This is a series on arm and hand pain from my Neuromuscular Therapy center near Boston. If you missed the beginning, go back to the “Checklist of Causes.”

3 Replies to “Arm and hand pain: Dupuytren’s Contracture”

  1. I was interested in your article of April 22, 2010, re. dupuytren’s contracture, with which I have just recently been diagnosed (including the often accompanying Garrod’s knuckle pads).
    Apart from that I am a healthy, active, 60year old woman, non-diabetic,etc – and drink only small amounts of wine.
    I work hard in my large mature garden (many hedges, trees, shrubs, lawn, so need to use secateurs, hedgecutters, edge strimmer, lawnmowers etc.
    However, even carrying a bag of shopping has become difficult (!) as I’m losing strength in my grip.
    Your article is of interest because, unlike some which I have begun to research, you mention pain; and the related arm muscle/s.
    I am experiencing a sustantial amount of pain and tenderness, not only in my hands, which are also stiff – but along my arms too – muscular aching – as if they have been punched and strained, when in fact I have done nothing out of the ordinary (for me). Even if I take a day or two ‘off’ from the garden work, this discomfort persists, and can keep me awake at night.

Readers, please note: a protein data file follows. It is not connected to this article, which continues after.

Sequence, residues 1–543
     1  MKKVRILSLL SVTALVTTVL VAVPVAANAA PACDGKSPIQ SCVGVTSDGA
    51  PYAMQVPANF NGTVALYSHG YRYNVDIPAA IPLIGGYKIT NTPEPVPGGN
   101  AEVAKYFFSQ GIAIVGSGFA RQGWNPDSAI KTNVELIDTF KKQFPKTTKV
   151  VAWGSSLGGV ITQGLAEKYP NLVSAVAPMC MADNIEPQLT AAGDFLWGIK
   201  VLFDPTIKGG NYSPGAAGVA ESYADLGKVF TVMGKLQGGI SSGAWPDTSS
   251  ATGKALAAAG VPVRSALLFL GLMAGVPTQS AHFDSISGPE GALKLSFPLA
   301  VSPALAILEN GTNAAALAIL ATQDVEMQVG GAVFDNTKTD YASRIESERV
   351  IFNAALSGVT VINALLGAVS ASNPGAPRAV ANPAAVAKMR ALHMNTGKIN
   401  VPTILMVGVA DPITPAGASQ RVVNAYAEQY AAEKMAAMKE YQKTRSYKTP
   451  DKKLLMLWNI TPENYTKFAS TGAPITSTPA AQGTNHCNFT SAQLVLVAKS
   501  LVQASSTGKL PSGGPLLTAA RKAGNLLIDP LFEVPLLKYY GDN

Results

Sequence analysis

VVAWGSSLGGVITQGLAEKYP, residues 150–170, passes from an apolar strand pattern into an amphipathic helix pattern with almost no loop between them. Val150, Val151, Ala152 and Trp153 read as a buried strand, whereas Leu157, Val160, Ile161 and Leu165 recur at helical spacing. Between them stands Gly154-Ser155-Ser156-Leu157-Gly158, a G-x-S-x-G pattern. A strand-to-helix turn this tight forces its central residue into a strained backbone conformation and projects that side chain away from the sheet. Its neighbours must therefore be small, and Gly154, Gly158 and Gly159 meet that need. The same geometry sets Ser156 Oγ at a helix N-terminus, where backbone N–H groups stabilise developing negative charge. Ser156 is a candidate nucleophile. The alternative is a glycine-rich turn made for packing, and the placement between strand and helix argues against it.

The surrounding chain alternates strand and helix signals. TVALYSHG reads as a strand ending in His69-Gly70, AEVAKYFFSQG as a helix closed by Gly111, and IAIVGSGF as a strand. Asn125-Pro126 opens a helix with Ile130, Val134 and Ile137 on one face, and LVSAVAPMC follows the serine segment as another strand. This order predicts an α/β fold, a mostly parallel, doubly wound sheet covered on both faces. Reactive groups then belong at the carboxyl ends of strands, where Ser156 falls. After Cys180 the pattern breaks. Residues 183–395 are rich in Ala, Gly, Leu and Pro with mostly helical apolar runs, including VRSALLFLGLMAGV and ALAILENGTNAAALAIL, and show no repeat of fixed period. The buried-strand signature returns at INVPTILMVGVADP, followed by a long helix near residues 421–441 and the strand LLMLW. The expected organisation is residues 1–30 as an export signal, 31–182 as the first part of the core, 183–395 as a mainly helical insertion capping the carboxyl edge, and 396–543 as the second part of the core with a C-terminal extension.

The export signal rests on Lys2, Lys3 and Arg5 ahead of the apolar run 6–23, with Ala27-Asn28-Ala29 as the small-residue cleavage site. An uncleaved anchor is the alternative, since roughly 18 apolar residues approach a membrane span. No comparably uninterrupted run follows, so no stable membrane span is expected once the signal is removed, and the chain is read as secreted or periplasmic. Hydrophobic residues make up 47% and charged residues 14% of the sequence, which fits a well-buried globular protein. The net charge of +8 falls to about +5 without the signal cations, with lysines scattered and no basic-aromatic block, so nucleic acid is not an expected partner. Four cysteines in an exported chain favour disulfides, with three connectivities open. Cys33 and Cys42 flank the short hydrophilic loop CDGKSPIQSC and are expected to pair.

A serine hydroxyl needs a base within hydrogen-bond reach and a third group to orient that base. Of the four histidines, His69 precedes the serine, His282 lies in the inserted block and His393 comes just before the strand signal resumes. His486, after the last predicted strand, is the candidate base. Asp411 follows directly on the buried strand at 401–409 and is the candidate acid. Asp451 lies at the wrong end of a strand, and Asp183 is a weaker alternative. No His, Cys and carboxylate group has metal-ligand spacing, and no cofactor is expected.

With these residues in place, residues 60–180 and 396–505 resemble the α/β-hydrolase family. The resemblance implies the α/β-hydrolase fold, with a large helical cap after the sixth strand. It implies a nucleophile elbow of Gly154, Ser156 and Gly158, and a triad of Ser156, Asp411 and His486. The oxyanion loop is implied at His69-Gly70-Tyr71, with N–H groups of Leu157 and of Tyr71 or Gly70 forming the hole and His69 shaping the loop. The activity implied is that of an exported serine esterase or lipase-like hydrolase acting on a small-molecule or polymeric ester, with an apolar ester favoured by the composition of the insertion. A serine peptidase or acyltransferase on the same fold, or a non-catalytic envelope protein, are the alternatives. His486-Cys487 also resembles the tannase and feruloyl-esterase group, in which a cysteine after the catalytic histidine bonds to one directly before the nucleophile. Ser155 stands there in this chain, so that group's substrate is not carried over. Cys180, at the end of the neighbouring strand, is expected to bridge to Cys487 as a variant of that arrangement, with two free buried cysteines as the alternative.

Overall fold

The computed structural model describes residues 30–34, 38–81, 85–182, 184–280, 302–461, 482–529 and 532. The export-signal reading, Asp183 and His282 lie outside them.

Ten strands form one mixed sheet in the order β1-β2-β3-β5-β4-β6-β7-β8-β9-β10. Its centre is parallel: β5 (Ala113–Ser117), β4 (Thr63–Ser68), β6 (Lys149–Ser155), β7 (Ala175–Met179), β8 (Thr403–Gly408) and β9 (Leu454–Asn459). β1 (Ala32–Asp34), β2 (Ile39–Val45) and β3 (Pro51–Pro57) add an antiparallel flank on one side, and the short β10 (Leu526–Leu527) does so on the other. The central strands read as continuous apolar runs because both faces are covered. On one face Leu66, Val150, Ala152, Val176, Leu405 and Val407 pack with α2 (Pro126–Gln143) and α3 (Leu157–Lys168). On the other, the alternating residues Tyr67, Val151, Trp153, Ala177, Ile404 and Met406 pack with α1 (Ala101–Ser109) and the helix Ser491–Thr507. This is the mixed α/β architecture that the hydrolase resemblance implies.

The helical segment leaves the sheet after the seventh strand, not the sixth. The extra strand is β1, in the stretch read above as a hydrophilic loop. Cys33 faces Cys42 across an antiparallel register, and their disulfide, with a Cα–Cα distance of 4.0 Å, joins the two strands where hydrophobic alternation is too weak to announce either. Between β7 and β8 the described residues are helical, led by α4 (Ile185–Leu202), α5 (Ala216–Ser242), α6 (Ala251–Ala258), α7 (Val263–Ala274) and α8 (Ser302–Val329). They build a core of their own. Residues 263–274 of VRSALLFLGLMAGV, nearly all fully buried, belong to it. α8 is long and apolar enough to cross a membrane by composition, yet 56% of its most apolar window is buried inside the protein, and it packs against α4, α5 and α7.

Your article helps me to understand (I think!) why there are pains in my arms, relating this to the contracture in the hands.

    Does this arm pain suggest that this ‘trigger point’ palmaris longus muscle is primarily causing the hand/finger contracture?
    Or is it that the contracture in the hand is causing pain to travel up the arm? Well, I’m too far from Boston to make direct contact. (Although I did pass through in 1974 on my way to Maine, where I sent that summer volunteering in a summer camp!)

    I am lefthanded. The garrod knuckle pads are most pronounced on the index and middle finger of the right hand, while my left hand pinky is bent most, at present. (The index finger on the left hand also has a pronounced arthritic joint on the first digit – just to make matters worse!

    We have lived in our family home for all of 60 years.
    Has the time now arrived when we need to consider our future in a smaller property? – for even typing this is uncomfortable!